Linux Kernel

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Linux kernel is the core of the Linux-based operating systems. It is the core interface that handles the communication between the processes and the hardware. It is a bridge between the two, managing the resources as efficiently as possible. Linux kernel is a free, open-source, modular, monolithic, Unix-like operating system kernel. It can be inspected, modified, forked, and distributed by anyone without any copyright issues.

The Linux kernel was first developed in 1991 by Linus Torvalds. He is still maintaining and improving the kernel with the contribution of the Linux community. As of February 2022, Linux kernel 5.16 is the latest stable version and 5.17 is under development by Torvalds and the contributors. The latest release, older releases, update notes, contributors’ names, and release dates all can be found on the kernel.org website.

Linux kernel has four main tasks: memory management, process management, device drivers, system calls/security. It is like the hidden main engine of mechanical devices; it handles the main purpose of the device and keeps it running while the other components are helping to run it in a better way. Normally, operating systems try to hide the kernel as much as possible for a better user experience, like Windows or macOS. However, the open-source nature of Linux and the community around that consists of high-level users causes and results in the opposite direction. Linux kernel is accessible, changeable, and modifiable.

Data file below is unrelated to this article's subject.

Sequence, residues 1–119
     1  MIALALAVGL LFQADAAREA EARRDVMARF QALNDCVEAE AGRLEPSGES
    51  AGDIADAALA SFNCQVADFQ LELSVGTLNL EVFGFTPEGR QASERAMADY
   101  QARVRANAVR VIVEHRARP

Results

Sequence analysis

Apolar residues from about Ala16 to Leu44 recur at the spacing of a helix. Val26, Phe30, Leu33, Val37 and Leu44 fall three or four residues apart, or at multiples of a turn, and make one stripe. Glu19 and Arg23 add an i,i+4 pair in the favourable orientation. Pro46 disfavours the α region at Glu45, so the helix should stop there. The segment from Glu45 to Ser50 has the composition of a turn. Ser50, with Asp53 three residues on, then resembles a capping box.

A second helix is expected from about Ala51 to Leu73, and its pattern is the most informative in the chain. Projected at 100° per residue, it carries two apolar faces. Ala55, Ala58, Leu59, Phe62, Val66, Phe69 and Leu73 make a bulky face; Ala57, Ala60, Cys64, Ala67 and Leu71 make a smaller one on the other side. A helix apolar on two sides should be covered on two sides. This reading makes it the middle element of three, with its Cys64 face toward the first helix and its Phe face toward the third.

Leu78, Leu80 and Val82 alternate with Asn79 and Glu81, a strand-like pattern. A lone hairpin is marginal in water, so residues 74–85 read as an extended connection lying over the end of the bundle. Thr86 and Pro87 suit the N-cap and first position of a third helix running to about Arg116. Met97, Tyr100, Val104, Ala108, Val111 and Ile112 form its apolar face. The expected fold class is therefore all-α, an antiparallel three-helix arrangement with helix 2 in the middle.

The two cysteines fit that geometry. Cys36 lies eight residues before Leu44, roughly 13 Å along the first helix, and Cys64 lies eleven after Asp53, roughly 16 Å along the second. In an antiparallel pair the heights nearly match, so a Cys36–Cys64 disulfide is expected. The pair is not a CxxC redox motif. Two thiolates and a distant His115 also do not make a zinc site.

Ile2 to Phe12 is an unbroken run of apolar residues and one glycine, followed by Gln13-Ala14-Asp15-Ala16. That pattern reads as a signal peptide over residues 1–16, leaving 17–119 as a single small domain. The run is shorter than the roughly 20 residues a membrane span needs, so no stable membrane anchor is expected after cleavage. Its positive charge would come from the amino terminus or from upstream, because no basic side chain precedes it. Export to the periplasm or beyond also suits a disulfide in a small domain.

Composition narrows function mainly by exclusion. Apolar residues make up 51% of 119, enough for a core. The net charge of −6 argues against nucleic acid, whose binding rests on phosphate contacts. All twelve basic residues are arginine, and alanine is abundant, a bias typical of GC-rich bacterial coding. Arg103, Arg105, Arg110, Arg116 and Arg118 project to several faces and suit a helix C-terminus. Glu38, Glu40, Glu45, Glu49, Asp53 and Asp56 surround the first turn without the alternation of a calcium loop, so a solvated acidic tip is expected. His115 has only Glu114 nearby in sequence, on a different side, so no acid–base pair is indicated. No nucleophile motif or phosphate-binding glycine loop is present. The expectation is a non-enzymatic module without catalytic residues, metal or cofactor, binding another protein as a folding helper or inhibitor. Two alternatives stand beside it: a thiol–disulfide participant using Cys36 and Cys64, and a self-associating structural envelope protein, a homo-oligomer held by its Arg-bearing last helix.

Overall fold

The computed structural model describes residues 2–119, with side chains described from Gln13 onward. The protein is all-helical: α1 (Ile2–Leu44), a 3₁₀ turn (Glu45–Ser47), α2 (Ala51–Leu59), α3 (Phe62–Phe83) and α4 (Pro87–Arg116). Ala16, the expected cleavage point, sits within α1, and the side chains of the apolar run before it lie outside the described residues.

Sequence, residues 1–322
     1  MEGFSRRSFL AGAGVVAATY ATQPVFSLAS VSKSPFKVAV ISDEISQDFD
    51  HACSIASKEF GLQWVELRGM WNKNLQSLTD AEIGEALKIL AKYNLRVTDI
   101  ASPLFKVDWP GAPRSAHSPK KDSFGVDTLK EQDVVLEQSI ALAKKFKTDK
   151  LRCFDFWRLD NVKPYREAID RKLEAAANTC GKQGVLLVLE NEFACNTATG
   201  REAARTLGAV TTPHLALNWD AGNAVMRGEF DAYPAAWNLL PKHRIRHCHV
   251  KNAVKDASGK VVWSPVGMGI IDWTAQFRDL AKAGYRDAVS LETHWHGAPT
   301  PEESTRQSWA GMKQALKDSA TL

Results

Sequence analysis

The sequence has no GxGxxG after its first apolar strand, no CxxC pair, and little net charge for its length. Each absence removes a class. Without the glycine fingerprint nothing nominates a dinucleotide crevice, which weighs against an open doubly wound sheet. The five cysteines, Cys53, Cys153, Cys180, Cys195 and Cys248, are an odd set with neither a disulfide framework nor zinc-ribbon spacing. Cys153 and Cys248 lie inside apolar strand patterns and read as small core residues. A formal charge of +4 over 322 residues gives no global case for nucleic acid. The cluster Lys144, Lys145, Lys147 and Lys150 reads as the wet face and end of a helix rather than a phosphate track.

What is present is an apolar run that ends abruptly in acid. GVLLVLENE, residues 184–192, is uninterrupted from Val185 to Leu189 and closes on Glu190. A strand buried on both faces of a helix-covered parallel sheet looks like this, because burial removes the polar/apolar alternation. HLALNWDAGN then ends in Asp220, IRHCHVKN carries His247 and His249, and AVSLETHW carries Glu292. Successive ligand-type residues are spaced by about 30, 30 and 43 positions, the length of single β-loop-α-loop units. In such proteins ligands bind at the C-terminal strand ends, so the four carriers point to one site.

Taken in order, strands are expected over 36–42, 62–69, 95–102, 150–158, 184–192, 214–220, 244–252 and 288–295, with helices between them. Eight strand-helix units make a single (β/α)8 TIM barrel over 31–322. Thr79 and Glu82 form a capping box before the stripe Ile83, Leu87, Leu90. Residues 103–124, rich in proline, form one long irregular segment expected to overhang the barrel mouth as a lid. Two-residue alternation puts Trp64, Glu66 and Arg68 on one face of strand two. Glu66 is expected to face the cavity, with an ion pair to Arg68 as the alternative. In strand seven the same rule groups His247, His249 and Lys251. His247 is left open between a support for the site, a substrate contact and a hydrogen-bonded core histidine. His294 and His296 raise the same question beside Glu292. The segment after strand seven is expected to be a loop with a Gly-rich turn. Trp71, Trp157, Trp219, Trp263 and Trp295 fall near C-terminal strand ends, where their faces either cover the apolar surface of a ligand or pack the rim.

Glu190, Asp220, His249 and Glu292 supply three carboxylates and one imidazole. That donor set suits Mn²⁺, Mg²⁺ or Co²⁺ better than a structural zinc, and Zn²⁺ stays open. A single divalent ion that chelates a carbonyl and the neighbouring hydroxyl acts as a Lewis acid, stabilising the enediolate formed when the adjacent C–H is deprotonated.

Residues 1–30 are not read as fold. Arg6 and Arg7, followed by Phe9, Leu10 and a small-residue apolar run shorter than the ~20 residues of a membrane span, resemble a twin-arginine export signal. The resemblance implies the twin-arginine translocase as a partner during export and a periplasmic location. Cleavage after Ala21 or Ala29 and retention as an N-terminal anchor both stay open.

Linux kernel has three different release types: release candidate (RC), mainline, and long-term support (LTS). Release candidate versions are the most frequent ones; they are scheduled to be released once a week. They are released for the preparation of the related mainline version for simply checking the bugs. As those bugs are fixed, the mainline version releases.

Mainline versions are generally released once in 9-10 weeks and they get small updates. The LTS versions are picked among the mainline releases to be declared to be supported for the long term.

LTS releases are as frequent as once a year and they are generally maintained up to 6-7 years before reaching end-of-life status.

Is the Linux kernel open-source?

Linux kernel is mostly open-source and it can be used, modified, and distributed personally and commercially. It is under GNU General Public License, which allows users to run, study, share and modify the software.


Is it legal to edit the Linux kernel?

Yes, it is completely legal to edit the Linux kernel since it is under General Public License – GNU. Linux kernel is an open-source project; it encourages people to edit, fix, and report.


Where is the kernel located in Linux?

Linux kernel has no default location in the file system. However, most of the distributions place the kernel in the /boot directory. Users can check the location of the Linux kernel by using cat /proc/cmdline command.


How do I find my Linux kernel version?

To find the Linux kernel version, you can run either of those commands in Terminal:

  • uname -r
  • cat /proc/version
  • hostnamectl | grep -i kernel

How do I update my Linux kernel?

Linux kernel updates mostly come with the new versions of the Linux distributions. Most of the Linux distros have an integrated updating tool that handles software updates. As a new Linux kernel version releases, distros integrate them into their operating systems, then push it via the updating tools. It is also possible to manually update the Linux kernel but it is not advised for average users.


How to update the Linux kernel without a reboot?

You can update the Linux kernel without a reboot by using one of the live-updating software such as KernelCare, Ksplice, and Livepatch. Click to more details about rebootless kernel update: How to update Linux Kernel without rebooting?


Where can I download the Linux kernel?

You can download Linux kernel release candidates, mainline releases, and long-term support versions from the kernel.org – The Linux Kernel Archives.

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